Peugeot has a long and impressive history in pretty much all forms of motorsport. Hugely successful in rallying, Peugeot has won the WRC Manufacturers’ Title five times (bettered only by Citroen), the Dakar Rally four times, and both the ERC and IRC three times. They’ve also enjoyed success in touring car racing and sportscars, winning at Le Mans three times as well as the 1992 World Sportscar Championship. But there was one race series they had never attempted to join before. This was Formula One. The 1994 season should have been the season with a works Peugeot F1 Team on the grid. Should being the operative word!
After several competitive years in rallying and then sportscars, Peugeot seemed to be ready to take the next step with their motorsport activities. Formula One was on the horizon. Back then Jean Todt was in charge of Peugeot Sport and he proposed to Jacques Calvet, President of Peugeot-Talbot at that time, to investigate an eventual entry into Formula One as the Peugeot F1 Team. With the demise of the World Sportscar Championship, Peugeot had a 3.5L V10 engine that was suitable for F1 but which they had no use for. The proposal was to enter Formula One with a full factory team, where they would build their own chassis, utilise the engines from the sportscar program, and run on Michelin tyres.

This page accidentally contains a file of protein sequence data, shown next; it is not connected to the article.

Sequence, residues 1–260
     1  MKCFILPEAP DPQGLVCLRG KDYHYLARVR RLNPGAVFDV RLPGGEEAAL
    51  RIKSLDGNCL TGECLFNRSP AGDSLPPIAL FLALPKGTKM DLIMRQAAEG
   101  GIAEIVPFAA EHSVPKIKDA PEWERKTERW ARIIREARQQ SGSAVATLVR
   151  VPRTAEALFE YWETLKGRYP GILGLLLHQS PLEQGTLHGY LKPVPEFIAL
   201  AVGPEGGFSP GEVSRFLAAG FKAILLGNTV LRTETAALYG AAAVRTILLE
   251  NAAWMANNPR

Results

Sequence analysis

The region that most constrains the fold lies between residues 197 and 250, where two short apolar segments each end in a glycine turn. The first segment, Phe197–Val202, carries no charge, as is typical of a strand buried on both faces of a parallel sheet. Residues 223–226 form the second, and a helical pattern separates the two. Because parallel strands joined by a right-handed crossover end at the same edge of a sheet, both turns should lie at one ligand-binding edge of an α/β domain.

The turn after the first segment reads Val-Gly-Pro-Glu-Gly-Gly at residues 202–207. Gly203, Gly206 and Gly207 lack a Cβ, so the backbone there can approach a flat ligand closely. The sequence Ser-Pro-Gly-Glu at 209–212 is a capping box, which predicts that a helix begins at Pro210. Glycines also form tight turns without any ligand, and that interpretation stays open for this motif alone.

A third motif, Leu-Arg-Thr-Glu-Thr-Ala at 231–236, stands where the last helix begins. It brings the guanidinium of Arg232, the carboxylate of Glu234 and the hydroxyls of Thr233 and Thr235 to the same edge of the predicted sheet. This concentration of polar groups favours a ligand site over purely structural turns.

An agreement was reached with French mineral water company Perrier to sponsor the team while a design for the F1 car had already been drawn up by Enrique Scalabroni which mirrored the trends of the period. If Peugeot were to be on the grid for the 1994 season it would mean France would have had three French teams active in Formula One. The others were Larrousse, for whom 1994 would be their final season, and Ligier, which had been active in Formula One since the 1970s, backed by Elf and Gitanes.
However Jean Todt announced that he would leave his post as Peugeot Sport boss to become Ferrari’s new team manager in F1. His decision to work for Ferrari ended any chance of a works Peugeot team on the F1 grid in 1994. However as we know Peugeot did enter Formula One as an engine supplier instead. Having supplied McLaren, Jordan and Prost with engines, scoring a total of 14 podiums, after the 2000 season, where they didn’t score a single point with the Prost team, the Peugeot F1 engine program was sold. The buyers were Asiatech, an Asian consortium led by Enrique Scalabroni who had designed Peugeot’s intended F1 car for 1994.
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